I have a tenant with a yearly lease expiring in November 2014. She has been severely late in rent payments for the last seven months. Gave her a 5-day notice every month. She pays partially and late but pays till end of the month. Today is July 1, and she still owes me $285 out of $1535 (Rent plus late fee) Remaining $1250 has been paid. This is a big problem. If she somehow pays till November, and I do not renew the lease, she might still not leave the house and may need to be evicted. If I rewrite the lease month to month and raise the rent and late fee by 10-15%, will that be a better option than just telling her lease is not renewed. What are your experiences with such a bad tenant and how would you handle it now and end of lease presuming she somehow keeps paying till then.
Yes I like the option of raising the price on the unit. You can explain to her that expenses have gone up and if she is willing to stay and pay you the extra you may not mind the hassle as much. I had a tenant in chicago who did exactly what you are referring to! I raised her rent by about 15% expecting her to move out. She did the exact opposite she signed the lease and continued paying and absorbing the late fees! While slightly frustrating I certainly don't mind getting above market rent from her :)
Have you talked with her about it? Not sure about Oak Park - but here we cannot just write a new lease mid lease and make them sign. If both parties agree you can do what you want. But talk with her about what is going on and see if she wants to move. If she cannot afford the place maybe if you let her break her lease she will just move - I had a tenant that lost her job and was scraping by to make rent. I let them out of their lease so they could find something they could afford
Good ideas! I meant raised the rent once her lease expired also should have clarified.
@Atul Mohlajee Always best to nip this type of thing in the bud with swift enforcement of the terms of your rental agreement. Maybe she just can't afford to rent the unit and needs to move on. Maybe she does't manage her money well. Maybe she doesn't have her priorities straight. Maybe she is experiencing a temporary set back and is spiraling downward because she can't pull herself out of the tailspin. I would definitely talk with her about it. Ask her what it would take to turn this around. Tell her if she doesn't then you will need to talk with her about a move out plan.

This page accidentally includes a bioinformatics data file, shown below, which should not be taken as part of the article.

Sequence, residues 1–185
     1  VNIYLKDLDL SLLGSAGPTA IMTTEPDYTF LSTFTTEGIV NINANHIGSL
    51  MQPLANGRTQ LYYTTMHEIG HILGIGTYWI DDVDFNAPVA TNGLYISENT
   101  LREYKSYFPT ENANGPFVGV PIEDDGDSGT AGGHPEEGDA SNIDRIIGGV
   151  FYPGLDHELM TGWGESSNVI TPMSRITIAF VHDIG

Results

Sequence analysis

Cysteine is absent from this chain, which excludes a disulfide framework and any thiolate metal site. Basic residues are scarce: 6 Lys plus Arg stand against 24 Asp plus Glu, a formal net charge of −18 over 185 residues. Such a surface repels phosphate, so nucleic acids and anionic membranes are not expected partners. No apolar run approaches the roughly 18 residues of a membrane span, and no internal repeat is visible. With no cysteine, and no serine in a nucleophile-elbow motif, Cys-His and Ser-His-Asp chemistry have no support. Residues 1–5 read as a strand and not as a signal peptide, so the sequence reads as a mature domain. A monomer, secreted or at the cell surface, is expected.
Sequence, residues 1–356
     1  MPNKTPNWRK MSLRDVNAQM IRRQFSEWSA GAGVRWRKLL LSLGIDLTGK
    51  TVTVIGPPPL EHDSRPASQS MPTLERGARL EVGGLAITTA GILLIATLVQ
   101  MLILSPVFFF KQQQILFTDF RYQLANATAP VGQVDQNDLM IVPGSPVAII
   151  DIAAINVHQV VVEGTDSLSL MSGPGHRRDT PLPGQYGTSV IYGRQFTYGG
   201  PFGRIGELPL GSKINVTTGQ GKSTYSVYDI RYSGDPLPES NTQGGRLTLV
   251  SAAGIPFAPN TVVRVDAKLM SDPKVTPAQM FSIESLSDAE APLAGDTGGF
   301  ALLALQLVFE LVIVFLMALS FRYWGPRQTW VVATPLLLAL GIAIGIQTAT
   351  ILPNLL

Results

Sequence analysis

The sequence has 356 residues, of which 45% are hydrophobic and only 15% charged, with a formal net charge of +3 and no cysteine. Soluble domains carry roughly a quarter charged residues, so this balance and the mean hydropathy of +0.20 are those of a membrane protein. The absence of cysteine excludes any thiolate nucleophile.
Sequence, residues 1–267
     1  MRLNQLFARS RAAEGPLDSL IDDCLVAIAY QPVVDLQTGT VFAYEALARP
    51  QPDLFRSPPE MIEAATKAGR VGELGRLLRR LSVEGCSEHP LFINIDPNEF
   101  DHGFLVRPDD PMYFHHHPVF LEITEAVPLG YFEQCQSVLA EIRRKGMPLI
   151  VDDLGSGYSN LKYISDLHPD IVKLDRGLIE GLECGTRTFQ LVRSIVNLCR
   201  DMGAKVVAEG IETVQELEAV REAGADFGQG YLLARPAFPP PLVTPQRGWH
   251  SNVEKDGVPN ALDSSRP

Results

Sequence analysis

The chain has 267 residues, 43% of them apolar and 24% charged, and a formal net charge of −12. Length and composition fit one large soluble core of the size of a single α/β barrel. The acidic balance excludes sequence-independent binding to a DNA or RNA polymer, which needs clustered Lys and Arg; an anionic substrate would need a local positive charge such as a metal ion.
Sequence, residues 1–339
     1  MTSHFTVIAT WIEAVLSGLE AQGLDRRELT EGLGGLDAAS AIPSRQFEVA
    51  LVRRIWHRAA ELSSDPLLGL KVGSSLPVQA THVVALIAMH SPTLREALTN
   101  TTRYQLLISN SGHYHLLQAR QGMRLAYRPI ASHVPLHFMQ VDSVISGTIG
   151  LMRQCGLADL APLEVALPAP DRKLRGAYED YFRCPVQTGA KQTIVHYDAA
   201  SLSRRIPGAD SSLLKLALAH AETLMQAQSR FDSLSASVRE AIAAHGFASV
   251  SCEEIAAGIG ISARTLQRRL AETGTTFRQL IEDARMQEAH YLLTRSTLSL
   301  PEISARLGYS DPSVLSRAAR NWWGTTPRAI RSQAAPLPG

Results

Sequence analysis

I've had tenants who got into a pattern of paying late and paying the $50 late fee each time. These were often the tenants who could least afford it. It was hard to see them making the choices that they were making.
Sitting down with the tenant and coming up with an alternative plan helped on one occasion with a tenant of ours who was behind in rent. Monthly rent was $660 per month, so we set up a payment plan for the tenant to pay $220 every Monday and suspended late fees as long as regular payments were being made. The tenant had a better chance of meeting his obligation without being overwhelmed. I learned not to let a tenant get so far behind in rent and now I am swift to act when a tenant doesn't pay rent on time.
If the tenant can no longer afford to live in your place, offer cash for keys and assist them in moving out. We provide a large trash can with hefty garbage bags and offer to dispose of their trash for them if they clean out the unit in a timely manner. We also give them some boxes and newspaper to get them started with the packing.
If the tenant becomes uncommunicative or uncooperative, then it is best to start the process for eviction. Eviction should not be the first remedy, it should be the last. Anyone who goes through an eviction process knows it is costly and time consuming. It can also be heart wrenching or frightening, depending on the disposition of the tenant.
Good luck. Let us know how it works out for you.
She dropped in the remaining Jume rent today so won't be timely in July either. They have three adult jobs (Her,Spouse, and a daughter all work)as I spoke with her last week and have income equalling six times monthly rent. Just bad money management. Her old landlord gave her great reference and they rented an SFH from him for 10 years. Maybe he made hiigh late fee from them. She says she will be on time next month etc. but it is a pattern and lots of frustration and drama every month trying to get my full rent.
I have almost the exact same situation with one tenant. You have to take it case by case, and you need to consider your own tolerance. My tenant was paying consistently late but was paying. For me that was better than the expense of having to go through an eviction and vacancy.